Anastasius, St Surnamed Astric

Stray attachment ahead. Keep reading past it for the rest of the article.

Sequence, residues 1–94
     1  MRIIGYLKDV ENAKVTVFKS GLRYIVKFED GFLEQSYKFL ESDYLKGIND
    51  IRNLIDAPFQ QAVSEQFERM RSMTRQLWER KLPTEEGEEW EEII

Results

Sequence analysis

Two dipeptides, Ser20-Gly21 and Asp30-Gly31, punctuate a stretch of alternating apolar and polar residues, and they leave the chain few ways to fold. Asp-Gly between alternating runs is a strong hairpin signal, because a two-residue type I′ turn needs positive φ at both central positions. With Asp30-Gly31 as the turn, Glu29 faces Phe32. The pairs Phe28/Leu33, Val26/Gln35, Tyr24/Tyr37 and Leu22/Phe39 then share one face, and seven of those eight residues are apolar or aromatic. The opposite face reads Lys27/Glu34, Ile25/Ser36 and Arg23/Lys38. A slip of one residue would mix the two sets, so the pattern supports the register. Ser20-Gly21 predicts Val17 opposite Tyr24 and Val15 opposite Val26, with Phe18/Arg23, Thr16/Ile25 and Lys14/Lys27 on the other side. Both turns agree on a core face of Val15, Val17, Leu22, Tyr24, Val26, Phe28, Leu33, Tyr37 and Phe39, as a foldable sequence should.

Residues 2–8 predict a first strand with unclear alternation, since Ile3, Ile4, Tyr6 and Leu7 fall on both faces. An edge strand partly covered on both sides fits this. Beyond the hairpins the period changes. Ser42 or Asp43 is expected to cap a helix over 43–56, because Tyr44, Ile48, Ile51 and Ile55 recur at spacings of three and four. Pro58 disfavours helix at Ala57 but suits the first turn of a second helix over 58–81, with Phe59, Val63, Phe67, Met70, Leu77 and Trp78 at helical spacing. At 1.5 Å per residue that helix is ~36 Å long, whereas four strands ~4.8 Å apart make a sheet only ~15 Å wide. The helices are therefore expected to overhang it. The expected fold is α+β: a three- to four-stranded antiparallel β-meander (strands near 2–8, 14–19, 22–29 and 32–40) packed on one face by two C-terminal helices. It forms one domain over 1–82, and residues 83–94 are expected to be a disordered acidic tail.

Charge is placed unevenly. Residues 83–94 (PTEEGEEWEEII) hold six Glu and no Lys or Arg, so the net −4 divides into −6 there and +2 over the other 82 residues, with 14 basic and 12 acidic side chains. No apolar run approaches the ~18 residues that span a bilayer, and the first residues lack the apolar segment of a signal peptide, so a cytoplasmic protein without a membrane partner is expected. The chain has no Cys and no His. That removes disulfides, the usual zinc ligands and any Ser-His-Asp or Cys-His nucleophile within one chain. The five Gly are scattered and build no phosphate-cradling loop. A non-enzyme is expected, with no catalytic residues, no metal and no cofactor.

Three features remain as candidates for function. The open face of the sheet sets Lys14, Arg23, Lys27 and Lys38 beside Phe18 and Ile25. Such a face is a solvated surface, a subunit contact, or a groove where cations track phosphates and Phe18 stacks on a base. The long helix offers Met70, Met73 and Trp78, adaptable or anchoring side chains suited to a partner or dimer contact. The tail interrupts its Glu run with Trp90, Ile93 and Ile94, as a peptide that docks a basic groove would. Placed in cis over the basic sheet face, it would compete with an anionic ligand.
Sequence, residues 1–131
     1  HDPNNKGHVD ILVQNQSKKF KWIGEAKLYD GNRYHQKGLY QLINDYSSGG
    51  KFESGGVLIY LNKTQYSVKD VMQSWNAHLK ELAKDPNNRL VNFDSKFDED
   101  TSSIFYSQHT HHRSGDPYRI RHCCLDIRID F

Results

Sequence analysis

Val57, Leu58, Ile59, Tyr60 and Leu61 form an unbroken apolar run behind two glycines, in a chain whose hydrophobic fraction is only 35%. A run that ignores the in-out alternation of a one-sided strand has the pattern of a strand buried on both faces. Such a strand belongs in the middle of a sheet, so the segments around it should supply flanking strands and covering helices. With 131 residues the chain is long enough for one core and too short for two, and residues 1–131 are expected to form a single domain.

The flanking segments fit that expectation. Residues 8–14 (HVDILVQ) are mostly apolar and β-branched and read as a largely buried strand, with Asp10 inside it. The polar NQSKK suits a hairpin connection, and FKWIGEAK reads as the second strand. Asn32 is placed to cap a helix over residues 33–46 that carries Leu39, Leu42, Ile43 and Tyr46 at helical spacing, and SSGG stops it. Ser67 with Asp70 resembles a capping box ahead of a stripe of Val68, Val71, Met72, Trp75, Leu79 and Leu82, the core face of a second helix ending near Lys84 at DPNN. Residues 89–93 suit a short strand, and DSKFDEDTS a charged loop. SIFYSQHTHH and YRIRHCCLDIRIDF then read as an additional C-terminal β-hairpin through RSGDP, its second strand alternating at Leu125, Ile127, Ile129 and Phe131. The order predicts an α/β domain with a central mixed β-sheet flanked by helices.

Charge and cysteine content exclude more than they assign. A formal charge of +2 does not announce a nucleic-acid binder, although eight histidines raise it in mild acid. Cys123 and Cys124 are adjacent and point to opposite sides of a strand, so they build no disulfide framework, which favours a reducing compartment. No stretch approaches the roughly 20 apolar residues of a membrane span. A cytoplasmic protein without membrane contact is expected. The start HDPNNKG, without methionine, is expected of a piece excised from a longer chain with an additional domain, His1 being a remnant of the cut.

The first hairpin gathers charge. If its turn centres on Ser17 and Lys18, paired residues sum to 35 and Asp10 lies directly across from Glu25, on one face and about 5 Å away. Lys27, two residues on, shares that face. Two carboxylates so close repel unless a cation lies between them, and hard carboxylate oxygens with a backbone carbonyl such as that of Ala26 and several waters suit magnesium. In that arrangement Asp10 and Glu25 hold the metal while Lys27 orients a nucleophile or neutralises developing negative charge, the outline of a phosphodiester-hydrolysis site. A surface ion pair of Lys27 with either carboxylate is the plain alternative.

Anastasius, St. surnamed Astric, the apostle of Hungary, born in 954, died Sept. 10, 1044. He entered the Benedictine order at Rouen, France. Subsequently he went to Bohemia with Adalbert, bishop of Prague, by whom he was made abbot of Braunau. When Adalbert had to flee from Bohemia, Astric left with him. He found an asylum at the court of Duke Stephen of Hungary, who, in the year 1000, put him at the head of the Benedictine abbey of St. Martin. Stephen having divided his duchy into ten bishoprics, that of Colocza was accorded to Astric, who henceforth assumed the name Anastasius. The duke then sent him to Rome to obtain from the pope, Sylvester II, the sanction of the ecclesiastical organization of Hungary, and for him (Stephen) the title of king. Anastasius was successful in this mission; he brought back for Stephen, with the royal crown and the double cross, the right to regulate the affairs of the Hungarian Church. Being proclaimed king by the nation, Stephen was consecrated and crowned by Anastasius. The latter was, during three years, provisional metropolitan of Hungary, the archbishop of Strigonia being, by a temporary loss of sight, prevented from discharging the duties of his office. While provisional metropolitan, Anastasius was present at the assembly of Frankfort, and blessed the marriage of the king with Gisella, sister of the Emperor Henry. When the archbishop of Strigonia recovered his sight, Anastasius retired into his diocese, when he devoted himself until his death to the propagation of the Christian faith. — Oesterreichisches biographisches Lexicon (Vienna, 1851); Hoefer, Biog. Generale, 2, 480.